Antioxidant Assay Using ELISA Method

    Tissue Lipid Peroxidation (LPO) in Liver Homogenate

    Measurement of thiobarbituric acid reactive species (TBARS) levels is considered as an index of malondialdehyde (MDA) production 31. This method depends on the formation of MDA as an end product of lipid peroxidation which reacts with TBARS, a pink chromogen, which can be measured spectrophotometrically at 532 nm, an MDA standard was used to construct a standard curve against which readings of the samples were plotted 32.

    Estimation of Catalase (CAT) in Liver Homogenate

    The liver homogenate was used as a matrix for the estimation of antioxidant enzyme, catalase (CAT) by a colorimetric method with slight modification 33. Briefly, the formation of chromic acetate from dichromate and glacial acetic acid in the presence of hydrogen peroxide, was measures colorimetrically at 570 nm. One enzyme unit was defined as the amount of enzyme which catalysed the oxidation of 1 μM H2O2 per minute under assay conditions 34.

    Estimation of Enzymic Antioxidants - Glutathione Peroxidase (GPx) and Superoxide Dismutase (SOD) and in Brain Homogenate

    The brain homogenate was used as a matrix for the estimation of antioxidant enzymes by a colorimetric method with slight modification for GPx 35 and SOD 36. Briefly, the formation of chromic acetate from dichromate and glacial acetic acid in the presence of hydrogen peroxide, was measures colorimetrically at 570 nm. One enzyme unit was defined as the amount of enzyme which catalysed the oxidation of 1 μM H2O2 per minute under assay conditions.

    Statistical Analysis

    The data were expressed as mean ± standard error of mean (SEM) and subjected to statistical analysis using Sigma Plot (Version 11.0). Between two group’s comparison Student’s t-test and for multiple comparison One-way analysis of variance (ANOVA) followed by post-hoc analysis by Dunnett’s test were performed. The p≤0.05 was considered as statistically significant.

    Results and Discussion

    Measurement of Liver Lipid Peroxidation (LPO)

    Lipid peroxidation is the process in which the membrane bound enzymes, proteins, and receptors are inactivated through loss of cell membrane integrity 37. Here, the lipid containing polyunsaturated fatty acids (PUFA) are hydrolysed into biologically active aldehydes and carbonyl compounds. Among these, the most important are malondialdehyde (MDA) 38. The effect of the test formulation on the lipid peroxidation in the liver tissue is shown in Figure 1. From the Figure 1, it was noticed that the tissue (liver) lipid peroxidation end product MDA slightly increased (16.51%) in the disease control group (G2) induced by vitamin D3 deficiency diet (VDD) compared to the normal control group (G1). The positive control, calcitriol was significantly (p≤0.001) suppressed the level of MDA by 51.88% as compared to the G2 group. Further, the level of MDA was significantly reduced by 44.52% (p≤0.001), 34.59%, 7.69%, 34.91%, 65.81% (p≤0.001), and 5.2% in the untreated test formulation (G4), Biofield Treated test formulation (G5), Biofield Treatment per se to animals from day -15 (G6), Biofield Energy Treated test formulation from day -15 (G7), Biofield Energy Treatment per se plus Biofield Energy Treated test formulation from day -15 (G8), and Biofield Treatment to the animals directly with untreated test formulation (G9) groups, respectively as compared to the disease control group (G2). Moreover, in G8 group the level of MDA was significantly (p≤0.001) reduced by 38.38% as compared to the G4 group. After post-treatment with the test formulation the level of lipid peroxidation end product MDA was significantly reduced in the Biofield Energy Treatment groups compared to the disease control as well as untreated test formulation groups, which might be due to the Trivedi Effect® - Conscious Energy Healing Treatment.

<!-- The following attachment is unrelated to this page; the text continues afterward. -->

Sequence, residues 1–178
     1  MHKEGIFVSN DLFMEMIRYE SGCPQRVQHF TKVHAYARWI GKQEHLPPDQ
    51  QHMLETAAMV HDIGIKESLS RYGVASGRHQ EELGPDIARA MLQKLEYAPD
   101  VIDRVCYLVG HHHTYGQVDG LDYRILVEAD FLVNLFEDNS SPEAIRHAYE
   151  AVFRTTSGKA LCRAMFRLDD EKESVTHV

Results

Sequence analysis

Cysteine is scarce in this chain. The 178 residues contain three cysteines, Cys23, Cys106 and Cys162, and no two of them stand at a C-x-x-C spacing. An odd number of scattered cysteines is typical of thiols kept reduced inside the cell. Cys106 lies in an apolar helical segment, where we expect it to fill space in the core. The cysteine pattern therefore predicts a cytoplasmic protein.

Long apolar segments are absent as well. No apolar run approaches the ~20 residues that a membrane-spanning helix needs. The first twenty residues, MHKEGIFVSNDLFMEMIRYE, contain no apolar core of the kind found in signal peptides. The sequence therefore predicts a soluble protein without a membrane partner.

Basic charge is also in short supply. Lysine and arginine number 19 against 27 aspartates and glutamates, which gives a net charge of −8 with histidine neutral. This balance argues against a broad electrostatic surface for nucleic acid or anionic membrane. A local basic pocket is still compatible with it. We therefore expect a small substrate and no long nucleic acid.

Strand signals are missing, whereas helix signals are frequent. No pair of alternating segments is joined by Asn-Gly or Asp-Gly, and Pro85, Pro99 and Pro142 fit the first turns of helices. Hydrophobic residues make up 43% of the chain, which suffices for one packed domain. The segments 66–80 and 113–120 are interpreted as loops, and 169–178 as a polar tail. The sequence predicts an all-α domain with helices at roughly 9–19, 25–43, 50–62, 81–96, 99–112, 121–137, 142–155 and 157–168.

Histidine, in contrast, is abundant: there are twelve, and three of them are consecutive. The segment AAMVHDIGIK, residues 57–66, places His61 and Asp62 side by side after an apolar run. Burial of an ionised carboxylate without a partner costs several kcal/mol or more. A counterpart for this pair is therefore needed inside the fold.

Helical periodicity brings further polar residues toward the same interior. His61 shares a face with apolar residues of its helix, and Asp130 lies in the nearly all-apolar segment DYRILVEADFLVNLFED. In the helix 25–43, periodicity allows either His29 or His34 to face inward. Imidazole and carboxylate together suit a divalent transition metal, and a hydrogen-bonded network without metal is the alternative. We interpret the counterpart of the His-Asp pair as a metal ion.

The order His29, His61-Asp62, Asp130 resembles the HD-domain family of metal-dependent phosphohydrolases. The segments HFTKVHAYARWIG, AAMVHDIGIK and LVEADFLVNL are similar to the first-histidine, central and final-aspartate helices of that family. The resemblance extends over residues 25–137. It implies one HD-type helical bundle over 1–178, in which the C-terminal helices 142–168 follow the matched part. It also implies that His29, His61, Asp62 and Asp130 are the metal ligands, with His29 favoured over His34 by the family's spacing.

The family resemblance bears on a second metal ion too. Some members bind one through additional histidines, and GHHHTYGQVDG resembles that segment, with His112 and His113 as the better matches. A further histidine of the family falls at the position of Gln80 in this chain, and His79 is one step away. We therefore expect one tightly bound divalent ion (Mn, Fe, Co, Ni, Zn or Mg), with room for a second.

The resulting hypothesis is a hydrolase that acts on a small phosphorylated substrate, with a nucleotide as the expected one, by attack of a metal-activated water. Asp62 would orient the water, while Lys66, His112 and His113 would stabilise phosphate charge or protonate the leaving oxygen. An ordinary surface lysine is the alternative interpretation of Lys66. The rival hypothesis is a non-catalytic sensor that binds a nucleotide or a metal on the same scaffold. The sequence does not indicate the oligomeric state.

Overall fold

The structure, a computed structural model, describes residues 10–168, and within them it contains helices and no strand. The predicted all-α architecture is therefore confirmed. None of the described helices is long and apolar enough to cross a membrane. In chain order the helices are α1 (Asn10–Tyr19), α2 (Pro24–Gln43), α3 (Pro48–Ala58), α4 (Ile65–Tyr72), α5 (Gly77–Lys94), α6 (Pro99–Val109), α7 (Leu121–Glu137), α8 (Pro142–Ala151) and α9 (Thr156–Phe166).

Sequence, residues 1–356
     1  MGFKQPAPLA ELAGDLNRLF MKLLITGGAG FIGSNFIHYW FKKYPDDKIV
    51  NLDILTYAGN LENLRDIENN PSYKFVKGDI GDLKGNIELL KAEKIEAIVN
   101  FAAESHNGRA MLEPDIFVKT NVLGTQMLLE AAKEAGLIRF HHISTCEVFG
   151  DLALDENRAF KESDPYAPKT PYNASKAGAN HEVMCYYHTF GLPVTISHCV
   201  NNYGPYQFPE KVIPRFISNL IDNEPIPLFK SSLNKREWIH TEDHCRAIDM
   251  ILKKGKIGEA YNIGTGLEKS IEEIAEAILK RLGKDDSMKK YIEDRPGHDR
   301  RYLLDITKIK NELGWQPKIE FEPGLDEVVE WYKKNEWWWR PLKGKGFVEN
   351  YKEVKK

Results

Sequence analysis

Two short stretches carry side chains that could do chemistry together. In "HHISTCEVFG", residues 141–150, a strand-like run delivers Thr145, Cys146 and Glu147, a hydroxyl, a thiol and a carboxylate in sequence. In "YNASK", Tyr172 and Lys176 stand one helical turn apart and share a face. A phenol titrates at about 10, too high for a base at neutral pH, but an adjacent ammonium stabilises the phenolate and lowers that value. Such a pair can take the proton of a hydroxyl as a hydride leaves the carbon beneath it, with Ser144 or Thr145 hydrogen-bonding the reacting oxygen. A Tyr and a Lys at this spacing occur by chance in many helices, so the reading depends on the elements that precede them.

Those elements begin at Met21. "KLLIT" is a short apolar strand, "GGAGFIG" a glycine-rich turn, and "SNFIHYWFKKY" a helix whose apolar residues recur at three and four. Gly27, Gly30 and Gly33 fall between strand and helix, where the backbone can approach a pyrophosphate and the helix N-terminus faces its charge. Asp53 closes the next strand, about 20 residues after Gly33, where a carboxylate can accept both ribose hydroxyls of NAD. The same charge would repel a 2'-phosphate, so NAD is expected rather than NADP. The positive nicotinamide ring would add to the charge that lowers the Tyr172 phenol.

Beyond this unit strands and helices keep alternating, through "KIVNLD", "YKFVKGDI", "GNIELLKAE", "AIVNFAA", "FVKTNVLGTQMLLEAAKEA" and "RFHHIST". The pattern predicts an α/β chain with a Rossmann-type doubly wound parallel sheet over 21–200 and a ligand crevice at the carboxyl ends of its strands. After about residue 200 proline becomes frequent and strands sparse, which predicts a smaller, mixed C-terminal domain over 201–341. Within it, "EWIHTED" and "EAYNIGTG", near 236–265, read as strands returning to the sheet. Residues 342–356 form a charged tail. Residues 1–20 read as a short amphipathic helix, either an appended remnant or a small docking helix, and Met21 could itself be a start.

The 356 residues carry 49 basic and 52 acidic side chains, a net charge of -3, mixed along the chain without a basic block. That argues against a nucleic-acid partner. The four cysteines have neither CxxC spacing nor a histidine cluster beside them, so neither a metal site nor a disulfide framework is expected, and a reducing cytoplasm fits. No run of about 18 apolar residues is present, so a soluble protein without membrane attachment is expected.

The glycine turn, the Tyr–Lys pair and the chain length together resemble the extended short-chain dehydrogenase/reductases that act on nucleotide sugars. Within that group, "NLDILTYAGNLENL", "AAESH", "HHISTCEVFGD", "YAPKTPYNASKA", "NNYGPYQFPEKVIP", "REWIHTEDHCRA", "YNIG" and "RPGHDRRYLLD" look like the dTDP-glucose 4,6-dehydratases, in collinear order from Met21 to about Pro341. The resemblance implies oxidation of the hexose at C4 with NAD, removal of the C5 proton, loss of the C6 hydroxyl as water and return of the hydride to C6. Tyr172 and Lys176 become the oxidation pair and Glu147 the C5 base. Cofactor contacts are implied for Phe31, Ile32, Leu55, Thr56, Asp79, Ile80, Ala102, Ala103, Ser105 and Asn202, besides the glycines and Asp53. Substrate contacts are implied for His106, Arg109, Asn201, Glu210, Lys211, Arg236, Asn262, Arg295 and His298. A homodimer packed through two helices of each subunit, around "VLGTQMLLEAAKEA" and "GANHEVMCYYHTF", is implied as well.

Figure 1. Lipid peroxide activity of the test formulation in male Sprague Dawley rats. G: Group; G1: Normal control (0.5% CMC); G2: Disease control (VDD: vitamin D3 deficient diet + 0.5% CMC); G3: Reference item (VDD + Calcitriol); G4: (VDD + untreated test formulation); G5: (VDD + Biofield Energy Treated test formulation); G6: (VDD + Biofield Energy Treatment per se to animals from day -15; G7: (VDD + Biofield Energy Treated test formulation from day -15); G8: (VDD + Biofield Energy Treatment per se plus Biofield Energy Treated test formulation from day -15), and G9: (VDD + Biofield Energy Treatment per se animals plus untreated test formulation). Values are expressed as mean ± SEM, n=6 in each group.
    Figure 1.

    Estimation of Liver Catalase (CAT)